Michael Hill is the Managing Director of Radioplayer, the listening platform which aggregates U.K. radio stations. In anticipation of his appearance at RAIN Summit Europe, in London on November 4, we talked with Hill about the future of listening. His comments reflected specific advocacy of broadcast radio, and an agonistic viewpoint based on Radioplayer’s non-profit status. “We operate on behalf of the radio industry,” Hill told RAIN.
When we asked about the future, Michael Hill’s reply was unambiguous. He sees the Internet-connect car as the main disruptor of radio’s present and future. “One of things we can see coming up fast is breaking down the fence in the car. The dashboard is becoming a huge, open field for all sorts of audio. Alongside that competition, we see that finding broadcast radio on digital dashboards is much too complicated.” Hill observed what many others have — that finding a radio option in some modern cars is challenged by menu layers in touch screens.
Hill sees the technology development of cars as paradoxically both slow and sudden. That is because the buying cycle is slow; in the U.K., people hold onto their cars for an average seven years. “Dashboard technology moves slowly, because people don’t change their cars often. But once they do change cars, their technology is changed for several years. If someone buys a CarPlay car, or an Android dashboard, or a Ford Sync car, that means that is their listening platform for the average length of car ownership in the U.K., which is seven years. My car is five years old, and I can’t listen to the digital stations that I listen to at home. So I feel that drag. When I get into the car I have a radio landscape that doesn’t suit me anymore.”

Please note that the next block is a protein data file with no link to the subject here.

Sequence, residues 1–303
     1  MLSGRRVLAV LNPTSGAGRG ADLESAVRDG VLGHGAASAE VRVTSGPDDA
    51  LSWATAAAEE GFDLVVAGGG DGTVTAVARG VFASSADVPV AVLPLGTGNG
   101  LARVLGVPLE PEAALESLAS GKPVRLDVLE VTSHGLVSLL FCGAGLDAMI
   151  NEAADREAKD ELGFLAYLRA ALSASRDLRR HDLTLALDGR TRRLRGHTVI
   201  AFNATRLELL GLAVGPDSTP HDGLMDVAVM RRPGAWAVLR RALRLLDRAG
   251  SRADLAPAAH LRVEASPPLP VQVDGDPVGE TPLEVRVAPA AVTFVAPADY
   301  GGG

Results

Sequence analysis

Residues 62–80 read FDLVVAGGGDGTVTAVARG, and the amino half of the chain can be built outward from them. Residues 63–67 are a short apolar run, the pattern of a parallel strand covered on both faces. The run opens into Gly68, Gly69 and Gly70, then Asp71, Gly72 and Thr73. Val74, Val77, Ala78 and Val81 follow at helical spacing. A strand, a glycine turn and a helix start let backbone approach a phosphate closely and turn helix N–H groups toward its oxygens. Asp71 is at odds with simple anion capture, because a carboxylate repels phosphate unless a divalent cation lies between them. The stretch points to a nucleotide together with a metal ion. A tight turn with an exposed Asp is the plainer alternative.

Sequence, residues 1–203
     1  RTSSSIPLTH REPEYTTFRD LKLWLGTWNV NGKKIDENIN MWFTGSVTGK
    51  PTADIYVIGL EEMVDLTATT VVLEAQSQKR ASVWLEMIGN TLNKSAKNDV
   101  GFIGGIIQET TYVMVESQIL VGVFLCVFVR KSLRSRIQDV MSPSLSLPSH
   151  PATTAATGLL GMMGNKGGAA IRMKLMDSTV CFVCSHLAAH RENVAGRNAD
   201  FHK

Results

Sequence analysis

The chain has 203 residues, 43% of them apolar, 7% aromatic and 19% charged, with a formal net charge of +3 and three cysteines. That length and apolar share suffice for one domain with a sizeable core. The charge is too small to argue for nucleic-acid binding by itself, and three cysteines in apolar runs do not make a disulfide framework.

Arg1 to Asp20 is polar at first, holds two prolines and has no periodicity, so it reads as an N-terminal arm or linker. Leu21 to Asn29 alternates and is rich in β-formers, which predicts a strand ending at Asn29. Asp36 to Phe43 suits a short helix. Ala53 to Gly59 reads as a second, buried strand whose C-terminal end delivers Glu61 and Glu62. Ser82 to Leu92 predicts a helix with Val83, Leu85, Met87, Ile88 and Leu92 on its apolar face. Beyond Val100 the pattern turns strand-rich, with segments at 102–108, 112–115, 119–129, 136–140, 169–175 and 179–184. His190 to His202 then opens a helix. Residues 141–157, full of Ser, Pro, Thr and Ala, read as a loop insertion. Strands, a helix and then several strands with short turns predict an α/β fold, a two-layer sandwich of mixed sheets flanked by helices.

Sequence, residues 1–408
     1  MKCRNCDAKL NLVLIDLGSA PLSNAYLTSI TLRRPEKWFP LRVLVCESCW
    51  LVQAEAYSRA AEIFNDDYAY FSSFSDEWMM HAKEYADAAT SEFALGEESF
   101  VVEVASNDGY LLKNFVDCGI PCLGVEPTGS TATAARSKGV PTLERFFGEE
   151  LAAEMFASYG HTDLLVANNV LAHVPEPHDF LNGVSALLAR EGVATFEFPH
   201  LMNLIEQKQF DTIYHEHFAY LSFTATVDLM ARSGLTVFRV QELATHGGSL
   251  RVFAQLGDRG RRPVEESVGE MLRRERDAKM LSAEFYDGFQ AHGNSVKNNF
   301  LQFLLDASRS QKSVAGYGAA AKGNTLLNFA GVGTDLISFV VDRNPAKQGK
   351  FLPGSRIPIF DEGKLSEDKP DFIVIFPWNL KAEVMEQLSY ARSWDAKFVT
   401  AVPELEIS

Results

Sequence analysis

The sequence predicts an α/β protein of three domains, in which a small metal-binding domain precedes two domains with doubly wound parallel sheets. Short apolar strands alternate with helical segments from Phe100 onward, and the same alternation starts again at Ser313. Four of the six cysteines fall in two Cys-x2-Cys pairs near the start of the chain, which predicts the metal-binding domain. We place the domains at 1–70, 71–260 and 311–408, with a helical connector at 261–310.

When talking with automakers on behalf of U.K. radio, Michael Hill emphasizes two things: a better user experience, and the persistent love of broadcast radio among U.K. drivers. “Broadcast radio remains the most listened audio source in the car,” Hill noted. “We haven’t seen pureplay services taking audience away from broadcast radio. We still love broadcast radio when driving, which conflicts with the design of digital dashboards.”
Radioplayer is an aggregation app, but Hill does not regard station-specific mobile apps to be competition. “Radioplayer complements station-specific apps. I think individualized apps are for the P1 listeners — people who have fallen in love with one or two stations. We encourage stations to advertise their own apps.”
Michael Hill will sit on the “Future of Audio” panel at RAIN Summit Europe. That session will feature a broad discussion of streaming audio trends, focusing on the impact that mobile technology and constant connectivity are having on audio consumption.
RAIN Summit Europe is a single-day conference for the streaming audio industry. In addition to “The Future of Audio” panel, other discussion sessions will focus on mobile listening, advertising sales strategies, keynotes by Will Page (Spotify), Guy Phillipson (IAB), and Kurt Hanson (RAIN News founder), networking breaks, a cocktail reception, and more.
Visit the information page for a full agenda, speaker list, and registration information.